Today Twelve was reading a news magazine (she only reads them for the ads, I suspect whilst hoping that she actually learns something once in awhile) and started reading out loud from an article about women's achievements in various countries. Which country has the highest rate of abortion, the most Miss Universe winners, the highest per-capita vibrator use, and so on.
When she got to the part about vibrators, though, she quickly moved on, saying she didn't want to know what vibrators are. She used exactly the same tone that she had used a moment before to indicate that she didn't care which country has the highest representation of women at the national level. It's a tone very similar to the one she uses to dismiss the possibility of having a crush on anyone, ever. We are becoming quite familiar with this tone around here.
After wondering briefly how it's possible that she doesn't know about vibrators, I realized that I'm relieved that she doesn't: It means that she's still my little girl. It means that she hasn't learned as much from peers as I fear she might. It means that my sex education practices are working exactly how I've intended them to.
My sex ed policy with Twelve is twofold: First, ask what she thinks, then (if needed) answer her questions exactly, with no more information than she's requested. Sometimes, kids already know as much as they need to know, and after asking Twelve what she thinks, all I need to do is reassure her that she's got the right idea (this works well in response to questions about Santa, just fyi). If what she thinks isn't quite correct or if she just doesn't know, I answer the question. If that is satisfactory to her, fine. If not, she asks another question, I provide more information, and so on. There's a built-in age-appropriateness mechanism going on here. If they're asking, they're ready.
Twelve found out how babies are made when she was five, with a series of increasingly insistent questions: BUT HOW DOES IT GET IN THERE? Fine. There's an erect penis involved. (If I remember correctly, five-year-old Twelve received this information with equanimity.)
Seriously? This kid a) doesn't know about vibrators and b) doesn't want to know? They're right, adolescence does mess with you.
Anyway, I may one day have an opportunity to ask Twelve what she thinks a vibrator is and to clarify things for her a bit in the pleasure device department. But.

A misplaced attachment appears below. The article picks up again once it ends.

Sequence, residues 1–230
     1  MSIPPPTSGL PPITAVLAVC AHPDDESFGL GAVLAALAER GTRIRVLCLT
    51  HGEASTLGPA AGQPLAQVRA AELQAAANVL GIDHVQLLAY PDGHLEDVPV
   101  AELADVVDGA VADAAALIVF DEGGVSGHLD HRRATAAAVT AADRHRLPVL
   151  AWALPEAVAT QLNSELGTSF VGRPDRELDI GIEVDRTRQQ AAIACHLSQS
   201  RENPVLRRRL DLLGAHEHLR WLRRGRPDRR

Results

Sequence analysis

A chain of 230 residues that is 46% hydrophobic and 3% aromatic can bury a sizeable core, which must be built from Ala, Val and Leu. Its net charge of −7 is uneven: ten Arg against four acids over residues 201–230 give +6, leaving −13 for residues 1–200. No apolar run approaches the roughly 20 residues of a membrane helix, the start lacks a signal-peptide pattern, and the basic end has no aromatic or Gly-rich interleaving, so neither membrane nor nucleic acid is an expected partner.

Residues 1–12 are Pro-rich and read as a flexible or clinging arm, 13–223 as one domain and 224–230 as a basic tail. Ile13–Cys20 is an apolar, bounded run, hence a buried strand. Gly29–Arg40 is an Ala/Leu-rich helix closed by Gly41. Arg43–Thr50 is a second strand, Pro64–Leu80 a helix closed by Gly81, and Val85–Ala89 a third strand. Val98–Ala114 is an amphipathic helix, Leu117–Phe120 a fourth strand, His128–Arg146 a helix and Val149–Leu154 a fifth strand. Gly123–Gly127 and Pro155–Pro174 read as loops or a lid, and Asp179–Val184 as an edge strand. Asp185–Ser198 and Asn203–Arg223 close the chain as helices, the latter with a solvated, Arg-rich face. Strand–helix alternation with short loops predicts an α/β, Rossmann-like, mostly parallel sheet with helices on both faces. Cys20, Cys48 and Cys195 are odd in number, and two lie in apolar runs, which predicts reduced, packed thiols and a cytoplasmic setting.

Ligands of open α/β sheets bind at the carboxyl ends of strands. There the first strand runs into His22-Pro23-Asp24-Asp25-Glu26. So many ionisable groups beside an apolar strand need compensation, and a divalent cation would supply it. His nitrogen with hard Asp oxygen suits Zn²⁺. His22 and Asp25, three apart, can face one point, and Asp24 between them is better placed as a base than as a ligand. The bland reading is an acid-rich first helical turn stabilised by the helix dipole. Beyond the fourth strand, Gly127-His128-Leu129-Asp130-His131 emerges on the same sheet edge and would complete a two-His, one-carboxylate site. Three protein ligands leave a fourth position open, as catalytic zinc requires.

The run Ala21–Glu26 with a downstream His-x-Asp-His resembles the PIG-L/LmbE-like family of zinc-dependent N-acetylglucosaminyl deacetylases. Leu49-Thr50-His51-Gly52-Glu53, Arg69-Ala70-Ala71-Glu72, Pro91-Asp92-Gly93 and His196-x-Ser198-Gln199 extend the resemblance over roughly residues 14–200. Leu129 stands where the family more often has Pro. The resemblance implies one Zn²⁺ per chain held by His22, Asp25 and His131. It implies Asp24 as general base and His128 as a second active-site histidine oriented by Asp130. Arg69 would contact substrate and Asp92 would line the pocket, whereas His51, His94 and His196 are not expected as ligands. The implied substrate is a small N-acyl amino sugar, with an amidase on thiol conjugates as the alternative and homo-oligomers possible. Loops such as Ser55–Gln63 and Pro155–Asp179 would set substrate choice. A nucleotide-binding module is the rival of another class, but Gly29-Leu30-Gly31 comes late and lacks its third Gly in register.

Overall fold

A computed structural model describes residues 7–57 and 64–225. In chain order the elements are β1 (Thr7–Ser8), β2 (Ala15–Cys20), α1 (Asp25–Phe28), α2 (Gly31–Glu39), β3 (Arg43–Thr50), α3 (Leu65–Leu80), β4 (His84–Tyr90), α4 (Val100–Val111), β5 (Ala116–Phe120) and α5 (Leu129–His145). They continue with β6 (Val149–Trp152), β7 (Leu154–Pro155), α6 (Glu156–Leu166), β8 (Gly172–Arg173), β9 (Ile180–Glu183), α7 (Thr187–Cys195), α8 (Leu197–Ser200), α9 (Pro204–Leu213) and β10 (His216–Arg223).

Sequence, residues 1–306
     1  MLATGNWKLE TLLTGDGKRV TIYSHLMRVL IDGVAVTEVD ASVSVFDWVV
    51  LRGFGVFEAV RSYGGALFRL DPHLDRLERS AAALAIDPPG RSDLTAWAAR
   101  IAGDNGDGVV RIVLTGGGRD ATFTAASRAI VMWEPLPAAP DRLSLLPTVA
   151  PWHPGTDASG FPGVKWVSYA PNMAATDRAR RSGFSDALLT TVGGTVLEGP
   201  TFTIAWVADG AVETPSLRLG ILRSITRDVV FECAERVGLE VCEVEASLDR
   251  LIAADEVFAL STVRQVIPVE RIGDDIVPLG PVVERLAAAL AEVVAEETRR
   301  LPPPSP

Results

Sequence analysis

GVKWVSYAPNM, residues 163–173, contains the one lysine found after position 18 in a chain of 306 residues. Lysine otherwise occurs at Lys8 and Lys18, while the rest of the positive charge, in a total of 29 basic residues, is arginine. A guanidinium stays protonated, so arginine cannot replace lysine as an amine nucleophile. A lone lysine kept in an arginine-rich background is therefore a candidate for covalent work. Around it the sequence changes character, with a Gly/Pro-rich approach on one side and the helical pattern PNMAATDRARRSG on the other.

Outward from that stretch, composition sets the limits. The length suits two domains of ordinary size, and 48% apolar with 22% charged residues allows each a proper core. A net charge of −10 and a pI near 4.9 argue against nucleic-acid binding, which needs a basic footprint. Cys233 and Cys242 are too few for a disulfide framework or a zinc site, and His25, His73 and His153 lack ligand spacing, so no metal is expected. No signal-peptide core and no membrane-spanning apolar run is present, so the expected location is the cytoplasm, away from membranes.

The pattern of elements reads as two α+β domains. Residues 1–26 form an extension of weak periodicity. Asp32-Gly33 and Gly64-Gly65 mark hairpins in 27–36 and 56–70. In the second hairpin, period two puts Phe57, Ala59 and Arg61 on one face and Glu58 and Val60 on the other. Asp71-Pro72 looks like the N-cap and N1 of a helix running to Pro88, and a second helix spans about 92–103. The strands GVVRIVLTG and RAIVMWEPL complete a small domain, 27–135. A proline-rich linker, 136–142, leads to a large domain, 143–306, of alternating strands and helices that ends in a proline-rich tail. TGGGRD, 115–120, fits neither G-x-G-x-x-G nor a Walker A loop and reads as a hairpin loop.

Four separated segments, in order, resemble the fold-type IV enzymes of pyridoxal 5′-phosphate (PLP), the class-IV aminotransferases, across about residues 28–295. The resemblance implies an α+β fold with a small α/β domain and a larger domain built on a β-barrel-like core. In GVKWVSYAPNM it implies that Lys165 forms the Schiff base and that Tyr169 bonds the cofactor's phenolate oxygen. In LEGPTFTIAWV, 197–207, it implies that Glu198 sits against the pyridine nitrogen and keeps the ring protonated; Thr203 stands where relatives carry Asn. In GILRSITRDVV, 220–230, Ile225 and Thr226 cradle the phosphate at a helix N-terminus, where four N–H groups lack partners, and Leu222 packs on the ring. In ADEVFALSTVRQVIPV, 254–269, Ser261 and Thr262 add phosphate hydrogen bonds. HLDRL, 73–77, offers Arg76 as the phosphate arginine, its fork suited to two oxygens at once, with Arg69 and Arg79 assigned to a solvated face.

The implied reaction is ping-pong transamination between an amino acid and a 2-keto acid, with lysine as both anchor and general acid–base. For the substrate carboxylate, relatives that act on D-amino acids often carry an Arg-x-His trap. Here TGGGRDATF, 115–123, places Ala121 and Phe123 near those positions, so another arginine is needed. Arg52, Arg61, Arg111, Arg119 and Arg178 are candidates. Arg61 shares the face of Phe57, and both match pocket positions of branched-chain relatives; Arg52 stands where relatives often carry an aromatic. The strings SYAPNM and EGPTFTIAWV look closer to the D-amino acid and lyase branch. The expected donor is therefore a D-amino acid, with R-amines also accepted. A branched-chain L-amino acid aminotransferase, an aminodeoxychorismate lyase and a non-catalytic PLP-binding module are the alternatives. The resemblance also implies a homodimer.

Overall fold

What if I don't?
What if Twelve is past the point at which she and I can have these healthy, productive conversations? What if she looks it up on the internet? What if she asks her peers and they tell her that vibrators are alien tracking devices that attack our eyeballs while we sleep?
What if she figures out what "That's what she said" means and I never get/have to explain it to her?
I need Dan Savage to come to the rescue. R and I are longtime fans of Savage Love, Dan's syndicated weekly sex advice column. We get a huge kick out of reading the letters, because then we get to try and seriously check in with each other just to be sure - really sure, since you never know what might have changed since the last time you asked - that neither of us would be sexually aroused by watching the other poop.
ANYWAY. I need Dan Savage to write a dictionary of all things sexual. I think he would be the obvious person to do this because a) he's an expert; b) he's so funny; and c) I just finished reading his book The Commitment, which means that I now feel like I'm his and Terry's new best friend.
This dictionary would be the substitute for conversations with mom about sex, for when people are in that difficult age when they don't know anything much about sex but can't be bothered to take their moms seriously. (AHEM, Twelve, that would be you.) Each entry would have a simple, basic definition of whatever the thing is (Vibrator: A device used to provide sexual pleasure), followed by additional details for those ready for more information ( ... I can't do it. Use your imagination).
Full confession (and something I hadn't thought of until just now): I looked up "condom" in the regular dictionary, in Mrs. S's English classroom, in the seventh grade. I'm kind of proud of my twelve-year-old self, actually: I wasn't quite sure if I knew what a condom was, so I looked it up. Worked pretty well; I didn't find out about flavored, colored, or glow-in-the dark condoms, but that was okay. Finding out more than I wanted to know might have freaked me out. I'd like the same to be possible for Twelve, given that regular dictionaries don't have entries for 'pegging' and 'santorum' and that she's known about condoms for some years already.
Okay, New Best Friend Dan, I think that the Dan Savage Sex Dictionary-o-Rama would be an excellent thirteenth birthday gift for Twelve. Her birthday's in October, it's already March, it will take a couple of months for editing and printing and then there's distribution ...